R. Hajra2, T. Tanimori3, A.Takada3, B. Remya4, A.J. Mannucci1, G.S. Lakhina5, J.U. Kozyra6, K. Shiokawa7, L.C. Lee4, E. Echer2, R.V. Reddy4, and W.D. Gonzalez2 1Pasadena, CA 2Instituto Nacional de Pesquisas Espacias, Sao Jose dos Campos, SP, Brazil 3Faculty of Science, Kyoto University, Sakyo-ku, Kyoto 6068502, Japan 4Academia Sinica, Taipei, Taiwan 5Indian Institute of Geomagnetism, Navi Mumbai, India 6National Science Foundation, Wash. D.C. 7 Institute for Space Earth Environmental Research, Nagoya University, Nagoya, Japan
Wilcox et al. (1973) discovered that solar wind heliospheric current sheet (HCS) crossings affected high atmospheric vorticity centers at ~300 mb altitude. In a new interpretation of this effect, we show that high density solar wind heliospheric plasmasheet (HPS) events impinge onto the magnetosphere, compressing it along with remnant noon-sector outer-zone magnetospheric ~10-100 keV protons. The betatron accelerated protons generate coherent EMIC waves through a temperature anisotropy (T┴/T|| > 1) instability. The waves in turn interact with relativistic electrons and cause the rapid loss of these particles to a small region of the atmosphere. A peak total energy deposition of 3 x 1020 ergs is derived for the precipitating electrons. Maximum energy deposition and creation of electron-ion pairs at 30-50 km and at < 30 km altitude are quantified. Several possible atmospheric effects can be caused by this energy deposition.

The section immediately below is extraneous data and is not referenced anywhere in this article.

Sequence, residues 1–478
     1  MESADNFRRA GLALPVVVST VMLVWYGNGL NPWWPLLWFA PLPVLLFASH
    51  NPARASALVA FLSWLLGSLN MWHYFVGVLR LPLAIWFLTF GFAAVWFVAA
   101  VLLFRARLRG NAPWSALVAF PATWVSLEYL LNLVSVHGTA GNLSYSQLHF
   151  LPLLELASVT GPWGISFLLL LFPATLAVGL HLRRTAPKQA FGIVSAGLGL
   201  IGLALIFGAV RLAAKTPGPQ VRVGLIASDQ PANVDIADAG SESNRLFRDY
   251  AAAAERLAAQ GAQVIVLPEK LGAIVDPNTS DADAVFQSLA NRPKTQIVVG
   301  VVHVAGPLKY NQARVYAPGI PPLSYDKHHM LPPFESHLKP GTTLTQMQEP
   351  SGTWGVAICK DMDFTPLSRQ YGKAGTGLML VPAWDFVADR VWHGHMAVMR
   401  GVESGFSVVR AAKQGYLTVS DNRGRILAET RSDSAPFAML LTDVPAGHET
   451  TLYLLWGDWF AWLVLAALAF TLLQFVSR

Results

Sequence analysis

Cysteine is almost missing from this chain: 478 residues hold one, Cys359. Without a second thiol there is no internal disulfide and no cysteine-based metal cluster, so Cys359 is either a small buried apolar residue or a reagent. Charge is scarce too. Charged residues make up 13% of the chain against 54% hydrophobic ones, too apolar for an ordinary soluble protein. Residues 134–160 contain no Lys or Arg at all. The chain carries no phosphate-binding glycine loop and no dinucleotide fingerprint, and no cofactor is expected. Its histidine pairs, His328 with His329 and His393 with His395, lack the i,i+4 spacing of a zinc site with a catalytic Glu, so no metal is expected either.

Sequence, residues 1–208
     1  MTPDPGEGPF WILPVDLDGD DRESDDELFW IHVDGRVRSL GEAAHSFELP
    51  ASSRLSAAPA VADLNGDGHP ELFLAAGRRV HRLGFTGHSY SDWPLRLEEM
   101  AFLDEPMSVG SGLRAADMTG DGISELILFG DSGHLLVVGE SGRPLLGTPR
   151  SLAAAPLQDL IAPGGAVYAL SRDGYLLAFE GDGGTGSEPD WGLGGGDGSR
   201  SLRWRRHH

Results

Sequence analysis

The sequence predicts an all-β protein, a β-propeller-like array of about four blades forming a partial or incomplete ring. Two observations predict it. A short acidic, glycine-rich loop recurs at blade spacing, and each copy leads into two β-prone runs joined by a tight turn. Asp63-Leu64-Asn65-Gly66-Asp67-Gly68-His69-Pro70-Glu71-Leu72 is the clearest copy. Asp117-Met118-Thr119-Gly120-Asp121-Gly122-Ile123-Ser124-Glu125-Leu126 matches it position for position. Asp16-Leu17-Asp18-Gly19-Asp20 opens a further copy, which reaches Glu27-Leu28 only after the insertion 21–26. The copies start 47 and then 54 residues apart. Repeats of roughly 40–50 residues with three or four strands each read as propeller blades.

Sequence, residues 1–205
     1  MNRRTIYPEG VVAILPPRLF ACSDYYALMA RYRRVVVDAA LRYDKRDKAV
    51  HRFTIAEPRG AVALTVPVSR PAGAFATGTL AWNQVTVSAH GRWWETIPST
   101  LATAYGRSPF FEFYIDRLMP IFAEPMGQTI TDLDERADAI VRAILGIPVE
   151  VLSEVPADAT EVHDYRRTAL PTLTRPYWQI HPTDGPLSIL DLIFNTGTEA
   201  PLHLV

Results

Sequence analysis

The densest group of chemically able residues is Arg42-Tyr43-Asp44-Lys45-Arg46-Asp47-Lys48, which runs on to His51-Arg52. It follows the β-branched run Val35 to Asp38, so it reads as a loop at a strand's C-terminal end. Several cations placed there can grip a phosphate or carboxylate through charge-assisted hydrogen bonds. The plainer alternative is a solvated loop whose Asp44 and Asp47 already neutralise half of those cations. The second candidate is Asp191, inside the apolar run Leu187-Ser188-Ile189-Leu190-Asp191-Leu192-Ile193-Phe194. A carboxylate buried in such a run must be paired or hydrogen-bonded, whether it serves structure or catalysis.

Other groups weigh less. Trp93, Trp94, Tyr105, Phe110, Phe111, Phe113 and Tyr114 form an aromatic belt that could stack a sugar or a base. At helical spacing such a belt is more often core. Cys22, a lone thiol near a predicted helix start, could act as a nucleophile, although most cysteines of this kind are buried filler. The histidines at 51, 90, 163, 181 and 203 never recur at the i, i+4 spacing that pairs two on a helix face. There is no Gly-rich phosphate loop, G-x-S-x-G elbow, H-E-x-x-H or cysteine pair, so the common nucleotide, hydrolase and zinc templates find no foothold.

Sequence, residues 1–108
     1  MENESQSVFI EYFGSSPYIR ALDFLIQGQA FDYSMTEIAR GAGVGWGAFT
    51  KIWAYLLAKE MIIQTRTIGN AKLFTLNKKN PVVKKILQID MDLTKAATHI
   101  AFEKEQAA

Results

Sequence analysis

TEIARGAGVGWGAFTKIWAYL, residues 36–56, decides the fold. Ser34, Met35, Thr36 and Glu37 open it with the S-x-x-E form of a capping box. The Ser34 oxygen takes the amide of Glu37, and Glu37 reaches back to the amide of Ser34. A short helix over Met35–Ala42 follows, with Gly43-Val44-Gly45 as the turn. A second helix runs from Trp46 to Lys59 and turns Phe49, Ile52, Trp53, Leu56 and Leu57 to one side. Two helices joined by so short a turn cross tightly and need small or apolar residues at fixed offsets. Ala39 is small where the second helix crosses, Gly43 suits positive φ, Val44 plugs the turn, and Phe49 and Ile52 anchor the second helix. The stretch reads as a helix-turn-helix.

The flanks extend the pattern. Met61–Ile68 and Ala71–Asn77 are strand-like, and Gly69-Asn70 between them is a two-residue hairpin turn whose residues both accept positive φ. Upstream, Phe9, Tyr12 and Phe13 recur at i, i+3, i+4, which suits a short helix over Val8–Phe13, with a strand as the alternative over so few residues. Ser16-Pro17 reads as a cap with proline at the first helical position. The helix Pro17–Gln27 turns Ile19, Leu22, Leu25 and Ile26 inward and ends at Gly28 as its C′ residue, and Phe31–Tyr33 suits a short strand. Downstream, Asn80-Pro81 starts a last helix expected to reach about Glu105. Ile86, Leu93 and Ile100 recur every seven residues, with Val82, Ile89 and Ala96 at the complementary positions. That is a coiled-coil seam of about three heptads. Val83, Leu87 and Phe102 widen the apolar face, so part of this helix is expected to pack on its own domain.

Mode of presentation: oral (Need to be confirmed by the SOC)